The Return of the Continuation Center

AHS pushes to support struggling students


Art by Ava Tobar

The last years of Covid and the uncertainty of the world has brought unprecedented stress on teens during these formative four years of high school. Today, teenagers struggle more than ever with mental health issues, procrastination, and a lack of motivation, along with a slew of other challenges, making tasks as simple as school, much less simple. This has led to a significant decline in enrollment at Ashland High School and a greater need for student resources and support on campus.  

“We are at the lowest enrollment that we’ve ever been at I think historically.” comments Counseling and Behavioral Specialist Coordinator, Diane Berry. A combination of external stress and the reintegration back to in person school this year has been enough for many parents to unenroll their kids from AHS, bringing the student population down by about fifty or sixty students. As if that weren’t enough, many are finding the shock of being fully on campus this year to be more difficult than expected. “We have so many kids who were desperate to get back to campus and then they got back and just felt pretty miserable, because they felt really lonely.” Berry reflects. However, administration at the high school is doing their best to provide resources (in the form of student advocates, counselors, and credit retrieval opportunities) to help struggling students to regain their footing in school.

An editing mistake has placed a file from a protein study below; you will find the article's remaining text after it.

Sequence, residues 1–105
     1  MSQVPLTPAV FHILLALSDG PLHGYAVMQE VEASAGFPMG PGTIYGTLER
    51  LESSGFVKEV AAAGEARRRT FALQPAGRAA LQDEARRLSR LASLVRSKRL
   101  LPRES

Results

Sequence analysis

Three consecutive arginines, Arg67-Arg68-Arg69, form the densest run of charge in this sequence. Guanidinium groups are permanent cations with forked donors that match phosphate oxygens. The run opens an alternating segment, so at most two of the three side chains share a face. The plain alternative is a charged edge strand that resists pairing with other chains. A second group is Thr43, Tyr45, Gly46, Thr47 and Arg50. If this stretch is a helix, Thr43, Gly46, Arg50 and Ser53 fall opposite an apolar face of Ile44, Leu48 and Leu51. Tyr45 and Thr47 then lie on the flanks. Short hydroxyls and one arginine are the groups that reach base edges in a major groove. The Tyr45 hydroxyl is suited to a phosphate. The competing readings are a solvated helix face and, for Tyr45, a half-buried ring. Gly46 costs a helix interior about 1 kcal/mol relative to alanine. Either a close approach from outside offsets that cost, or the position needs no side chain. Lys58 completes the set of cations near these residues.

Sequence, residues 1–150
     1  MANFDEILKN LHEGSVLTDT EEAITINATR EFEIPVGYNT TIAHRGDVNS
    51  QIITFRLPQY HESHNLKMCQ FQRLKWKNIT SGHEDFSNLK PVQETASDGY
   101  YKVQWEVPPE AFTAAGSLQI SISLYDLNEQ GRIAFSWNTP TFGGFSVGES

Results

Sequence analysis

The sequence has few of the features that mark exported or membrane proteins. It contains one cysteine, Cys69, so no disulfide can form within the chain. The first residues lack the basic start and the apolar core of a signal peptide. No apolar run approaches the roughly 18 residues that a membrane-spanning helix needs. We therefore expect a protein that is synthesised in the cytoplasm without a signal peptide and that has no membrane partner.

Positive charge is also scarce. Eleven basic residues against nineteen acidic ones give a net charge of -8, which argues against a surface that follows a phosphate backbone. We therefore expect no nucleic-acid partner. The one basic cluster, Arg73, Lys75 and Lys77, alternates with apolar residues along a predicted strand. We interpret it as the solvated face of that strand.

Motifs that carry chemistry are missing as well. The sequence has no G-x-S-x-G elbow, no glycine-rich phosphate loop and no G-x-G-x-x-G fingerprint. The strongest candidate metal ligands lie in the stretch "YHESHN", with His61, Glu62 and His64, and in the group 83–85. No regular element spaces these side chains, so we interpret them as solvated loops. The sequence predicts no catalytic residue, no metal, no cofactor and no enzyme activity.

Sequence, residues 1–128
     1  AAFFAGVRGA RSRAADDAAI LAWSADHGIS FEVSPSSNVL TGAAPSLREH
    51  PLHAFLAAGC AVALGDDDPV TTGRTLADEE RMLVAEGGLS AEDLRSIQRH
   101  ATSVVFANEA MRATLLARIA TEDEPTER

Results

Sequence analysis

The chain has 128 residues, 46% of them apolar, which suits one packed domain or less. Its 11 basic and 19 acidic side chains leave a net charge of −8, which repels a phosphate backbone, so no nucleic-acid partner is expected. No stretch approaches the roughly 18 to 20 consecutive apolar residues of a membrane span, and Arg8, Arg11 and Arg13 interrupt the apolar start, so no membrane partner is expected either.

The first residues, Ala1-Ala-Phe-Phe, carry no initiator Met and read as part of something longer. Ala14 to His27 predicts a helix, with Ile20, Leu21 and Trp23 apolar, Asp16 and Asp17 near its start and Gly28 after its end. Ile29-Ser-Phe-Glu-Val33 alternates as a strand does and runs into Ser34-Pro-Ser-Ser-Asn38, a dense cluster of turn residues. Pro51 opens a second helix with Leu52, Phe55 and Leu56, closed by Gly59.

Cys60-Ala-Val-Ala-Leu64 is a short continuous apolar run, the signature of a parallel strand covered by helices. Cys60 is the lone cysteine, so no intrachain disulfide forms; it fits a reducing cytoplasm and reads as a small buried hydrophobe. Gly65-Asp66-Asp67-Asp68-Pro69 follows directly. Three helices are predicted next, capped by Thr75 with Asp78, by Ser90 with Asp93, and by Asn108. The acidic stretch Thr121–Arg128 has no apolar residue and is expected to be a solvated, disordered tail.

A significant portion of this support comes from Glenna Stiles, who will be stepping down as Dean of AHS to lead an alternative education plan. Beginning the second semester of this year, Stiles will be reintroducing a program known as The Continuation Center to help students either retrieve the credits they need in order to graduate, or earn their General Equivalency Diploma (GED). “We’re just wanting to re-engage this group of kids and give them a safe, comfortable place that they can be and earn credits,” comments Stiles. Through afternoon and evening classes, students will be able to receive one-on-one guidance and a sense of community in the last remaining semester of the year.   

After working as the Dean of Students for over twenty years, Stiles will be greatly missed in her old department, however the school recognizes that this program is needed and will be essential in helping students to get back on track for graduation. Stiles will also be stationed in Lincoln and can still be found around campus. She concludes, “If you need a place to be that doesn’t feel as hectic, that isn’t so many people, that will get you up on that stage, come see me and talk and see if it’s appropriate for you.” The Continuation Center will be vital to students who are feeling stuck, to move forward in their education and connect with the resources they need for academic success.